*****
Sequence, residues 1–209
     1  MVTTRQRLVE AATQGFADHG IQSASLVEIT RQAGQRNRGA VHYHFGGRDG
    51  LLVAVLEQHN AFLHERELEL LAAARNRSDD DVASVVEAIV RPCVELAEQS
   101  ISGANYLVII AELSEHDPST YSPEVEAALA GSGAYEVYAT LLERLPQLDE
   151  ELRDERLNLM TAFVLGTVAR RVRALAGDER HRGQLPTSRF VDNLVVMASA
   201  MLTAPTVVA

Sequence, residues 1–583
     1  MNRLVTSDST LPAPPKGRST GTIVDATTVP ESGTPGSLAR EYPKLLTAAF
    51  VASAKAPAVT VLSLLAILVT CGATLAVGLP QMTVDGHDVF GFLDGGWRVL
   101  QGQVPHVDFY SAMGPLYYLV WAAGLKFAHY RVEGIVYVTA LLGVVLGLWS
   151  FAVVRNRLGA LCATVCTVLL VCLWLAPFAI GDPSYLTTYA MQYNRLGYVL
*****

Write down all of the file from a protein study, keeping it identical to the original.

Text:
Sequence, residues 1–209
     1  MVTTRQRLVE AATQGFADHG IQSASLVEIT RQAGQRNRGA VHYHFGGRDG
    51  LLVAVLEQHN AFLHERELEL LAAARNRSDD DVASVVEAIV RPCVELAEQS
   101  ISGANYLVII AELSEHDPST YSPEVEAALA GSGAYEVYAT LLERLPQLDE
   151  ELRDERLNLM TAFVLGTVAR RVRALAGDER HRGQLPTSRF VDNLVVMASA
   201  MLTAPTVVA

Sequence, residues 1–583
     1  MNRLVTSDST LPAPPKGRST GTIVDATTVP ESGTPGSLAR EYPKLLTAAF
    51  VASAKAPAVT VLSLLAILVT CGATLAVGLP QMTVDGHDVF GFLDGGWRVL
   101  QGQVPHVDFY SAMGPLYYLV WAAGLKFAHY RVEGIVYVTA LLGVVLGLWS
   151  FAVVRNRLGA LCATVCTVLL VCLWLAPFAI GDPSYLTTYA MQYNRLGYVL